"The team confirmed several of my personal favorites: Pinterest, Smore, Easel.ly, TED Ed, and DPLA, for instance. But I learned about so many truly useful new tools this morning, my mind was racing with plans for both personal use and serious fall implementation.
Here is a list of some of those new-to-me discoveries:
-Workflowy: for planning an organizing
-FlipSnack: for digitally publishing professional looking flip books. I’ll check this out as an alternative to Issuu.
-LitPick: a global network that offers free books to preteen and teen book reviewers in exchange for book reviews
-Socrative: a smart student response system that empowers teachers to engage their classrooms through a series of educational exercises and games via smartphones, laptops, and tablets.
-QuadBlogging: allows four schools to blog together and share student writing
-Biblionasium:, a Goodreads alternative for young readers (look for a full post on this one later this week)
-Marqueed: a collaborative platform for annotating images and PDFs
-Inklewriter: a platform for writing interactive, branching stories (ala choose your own adventures) Stories can be published to Kindle.
-myHistro: allows stories to be created and shared as mashed-up maps
-19 Pencils: a library/search tool for locating, sharing and using K-6 educational resources
-iCivics: founded by Justice Sandra Day O’Connor, the site includes 18 educational video games, teaching materials, and a comprehensive, standards-aligned civics curriculum,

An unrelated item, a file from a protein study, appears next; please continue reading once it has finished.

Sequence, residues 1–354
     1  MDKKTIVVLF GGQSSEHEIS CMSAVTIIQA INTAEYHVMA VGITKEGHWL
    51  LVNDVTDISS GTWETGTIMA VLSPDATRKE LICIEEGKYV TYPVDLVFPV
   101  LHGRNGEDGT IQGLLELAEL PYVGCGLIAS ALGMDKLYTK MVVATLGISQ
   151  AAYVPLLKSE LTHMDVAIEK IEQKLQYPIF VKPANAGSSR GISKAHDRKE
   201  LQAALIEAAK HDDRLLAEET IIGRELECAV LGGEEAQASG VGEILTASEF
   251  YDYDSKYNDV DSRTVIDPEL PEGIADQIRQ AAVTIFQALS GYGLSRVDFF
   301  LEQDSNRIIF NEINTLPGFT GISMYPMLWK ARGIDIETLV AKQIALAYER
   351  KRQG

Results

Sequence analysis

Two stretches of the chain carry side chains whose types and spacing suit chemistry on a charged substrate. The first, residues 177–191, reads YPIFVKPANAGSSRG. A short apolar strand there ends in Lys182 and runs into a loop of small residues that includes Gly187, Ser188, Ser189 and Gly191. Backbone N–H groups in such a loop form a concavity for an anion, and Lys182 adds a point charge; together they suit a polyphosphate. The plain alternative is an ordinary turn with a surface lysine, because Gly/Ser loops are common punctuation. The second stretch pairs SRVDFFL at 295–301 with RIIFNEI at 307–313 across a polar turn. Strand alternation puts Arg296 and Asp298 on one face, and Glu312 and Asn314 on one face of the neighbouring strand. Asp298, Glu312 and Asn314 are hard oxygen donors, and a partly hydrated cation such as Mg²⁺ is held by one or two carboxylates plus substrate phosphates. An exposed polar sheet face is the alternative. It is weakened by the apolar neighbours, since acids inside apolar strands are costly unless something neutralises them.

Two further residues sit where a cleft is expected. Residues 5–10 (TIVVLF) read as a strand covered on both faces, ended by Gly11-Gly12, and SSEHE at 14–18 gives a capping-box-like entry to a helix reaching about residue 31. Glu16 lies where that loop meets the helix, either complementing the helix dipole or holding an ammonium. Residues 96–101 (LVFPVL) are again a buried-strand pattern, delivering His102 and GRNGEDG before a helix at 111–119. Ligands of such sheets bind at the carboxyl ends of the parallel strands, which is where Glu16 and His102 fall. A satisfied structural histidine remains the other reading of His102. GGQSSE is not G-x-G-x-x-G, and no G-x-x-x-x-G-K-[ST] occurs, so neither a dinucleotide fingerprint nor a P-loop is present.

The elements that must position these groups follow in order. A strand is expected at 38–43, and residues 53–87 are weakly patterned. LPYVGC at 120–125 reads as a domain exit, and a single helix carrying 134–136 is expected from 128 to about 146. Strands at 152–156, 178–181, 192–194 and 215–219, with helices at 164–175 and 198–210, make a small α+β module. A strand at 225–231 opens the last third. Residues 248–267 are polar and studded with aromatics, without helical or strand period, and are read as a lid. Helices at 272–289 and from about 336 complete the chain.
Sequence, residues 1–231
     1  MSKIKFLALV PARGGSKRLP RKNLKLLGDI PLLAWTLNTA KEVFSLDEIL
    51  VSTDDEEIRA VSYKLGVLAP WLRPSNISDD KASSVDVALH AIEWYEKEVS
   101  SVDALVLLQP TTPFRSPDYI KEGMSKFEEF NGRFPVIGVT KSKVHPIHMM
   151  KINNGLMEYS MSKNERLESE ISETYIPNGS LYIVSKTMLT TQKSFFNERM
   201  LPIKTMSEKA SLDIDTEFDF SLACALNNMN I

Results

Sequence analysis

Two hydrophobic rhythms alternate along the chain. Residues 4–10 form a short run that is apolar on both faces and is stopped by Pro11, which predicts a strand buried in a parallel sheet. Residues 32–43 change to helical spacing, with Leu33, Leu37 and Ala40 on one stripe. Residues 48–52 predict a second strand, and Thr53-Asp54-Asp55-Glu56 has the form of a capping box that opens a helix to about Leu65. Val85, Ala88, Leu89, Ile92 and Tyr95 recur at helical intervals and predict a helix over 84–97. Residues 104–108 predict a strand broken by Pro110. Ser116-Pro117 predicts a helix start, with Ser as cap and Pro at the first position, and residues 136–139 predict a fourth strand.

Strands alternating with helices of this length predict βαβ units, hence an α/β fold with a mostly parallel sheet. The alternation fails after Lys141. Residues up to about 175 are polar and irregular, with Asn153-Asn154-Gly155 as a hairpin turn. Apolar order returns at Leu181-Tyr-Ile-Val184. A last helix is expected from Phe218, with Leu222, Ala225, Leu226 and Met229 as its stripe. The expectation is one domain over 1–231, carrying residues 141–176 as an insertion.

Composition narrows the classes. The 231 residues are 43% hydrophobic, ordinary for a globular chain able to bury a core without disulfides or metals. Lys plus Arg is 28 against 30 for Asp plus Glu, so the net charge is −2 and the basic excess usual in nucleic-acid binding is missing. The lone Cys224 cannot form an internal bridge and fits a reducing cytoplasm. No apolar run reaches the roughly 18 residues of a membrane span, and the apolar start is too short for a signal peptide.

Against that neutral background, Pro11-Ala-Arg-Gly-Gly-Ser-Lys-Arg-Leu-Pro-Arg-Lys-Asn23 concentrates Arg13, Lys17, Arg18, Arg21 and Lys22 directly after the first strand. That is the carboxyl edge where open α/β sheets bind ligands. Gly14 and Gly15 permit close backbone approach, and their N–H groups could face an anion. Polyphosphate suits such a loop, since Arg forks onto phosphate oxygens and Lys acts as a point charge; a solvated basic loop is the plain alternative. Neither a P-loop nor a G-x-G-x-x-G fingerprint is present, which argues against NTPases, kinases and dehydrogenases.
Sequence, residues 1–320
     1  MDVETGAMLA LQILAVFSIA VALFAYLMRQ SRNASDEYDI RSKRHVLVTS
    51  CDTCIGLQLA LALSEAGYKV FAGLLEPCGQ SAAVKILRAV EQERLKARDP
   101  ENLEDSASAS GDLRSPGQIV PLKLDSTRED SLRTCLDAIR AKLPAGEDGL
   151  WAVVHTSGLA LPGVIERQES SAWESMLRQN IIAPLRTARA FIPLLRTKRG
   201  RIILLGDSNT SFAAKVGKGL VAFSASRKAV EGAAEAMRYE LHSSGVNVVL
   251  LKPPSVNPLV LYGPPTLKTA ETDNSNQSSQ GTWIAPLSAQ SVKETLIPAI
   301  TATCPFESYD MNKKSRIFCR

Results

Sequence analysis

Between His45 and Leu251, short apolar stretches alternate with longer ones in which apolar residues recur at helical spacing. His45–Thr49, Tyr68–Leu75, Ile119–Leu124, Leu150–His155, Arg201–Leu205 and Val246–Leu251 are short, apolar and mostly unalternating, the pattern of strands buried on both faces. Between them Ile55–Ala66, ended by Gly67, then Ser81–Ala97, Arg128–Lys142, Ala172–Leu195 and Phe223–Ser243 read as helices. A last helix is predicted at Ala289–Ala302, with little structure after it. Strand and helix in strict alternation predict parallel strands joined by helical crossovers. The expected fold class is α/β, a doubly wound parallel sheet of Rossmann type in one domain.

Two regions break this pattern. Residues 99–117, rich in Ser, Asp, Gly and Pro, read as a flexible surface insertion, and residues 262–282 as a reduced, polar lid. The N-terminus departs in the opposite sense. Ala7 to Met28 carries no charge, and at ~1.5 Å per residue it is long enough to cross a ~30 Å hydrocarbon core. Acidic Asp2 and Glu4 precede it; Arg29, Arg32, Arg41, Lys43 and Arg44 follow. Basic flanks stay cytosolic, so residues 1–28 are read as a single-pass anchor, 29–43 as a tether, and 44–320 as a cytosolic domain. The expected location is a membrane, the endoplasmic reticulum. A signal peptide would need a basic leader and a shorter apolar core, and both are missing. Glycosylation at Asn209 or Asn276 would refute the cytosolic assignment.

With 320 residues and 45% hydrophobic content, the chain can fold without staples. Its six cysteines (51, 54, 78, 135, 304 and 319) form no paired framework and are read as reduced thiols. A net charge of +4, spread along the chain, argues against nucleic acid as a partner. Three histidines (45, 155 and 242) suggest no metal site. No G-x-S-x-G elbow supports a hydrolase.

-Wonderopolis: the National Center for Family Literacy celebrates the learning moments in everyday life—ones that fit in with dinner preparations, carpool responsibilities, a stolen moment between breakfast and the bus, or within school curriculum and education programs.
-Youngzine: child-centered zine by and for kids in grades 8 through 12 where they can learn about current events around and events shaping their world using fun trivia, visuals and videos.
-Seriously Amazing: The Smithsonian presents seven quirky characters who symbolize the questions the Smithsonian asks and answers every day.
-Codeacademy: teaches kids to code interactively in a variety of languages
This board explores the diverse voices in the school library debate. As budgets get cut, libraries often disappear. Since April is School Library Month, consider these perspectives & decide whether you consider them essential or expendable.
I hope to introduce a variety of curating tools to classes and individual students this year. While this is an exciting way for learners to discover how to manage their information worlds, not everyone actually needs or wants to curate every single time they begin research.
Students and teachers can exploit the curation efforts already out there.
In fact, the new curation tools present an exciting new genre of search tool, a tool for scanning the real-time environment, as well as opportunities for evaluating quality and relevance in emerging information landscapes.
Because a couple of my seniors selected autism as an area of interest for their senior project, I’ll use this topic as a sample search in five of my favorite new search tools.
Sharing your scoops to your social media accounts is a must to distribute your curated content. Not only will it drive traffic and leads through your content, but it will help show your expertise with your followers.
How to integrate my topics' content to my website?
Integrating your curated content to your website or blog will allow you to increase your website visitors’ engagement, boost SEO and acquire new visitors. By redirecting your social media traffic to your website, Scoop.it will also help you generate more qualified traffic and leads from your curation work.
Distributing your curated content through a newsletter is a great way to nurture and engage your email subscribers will developing your traffic and visibility.
Creating engaging newsletters with your curated content is really easy.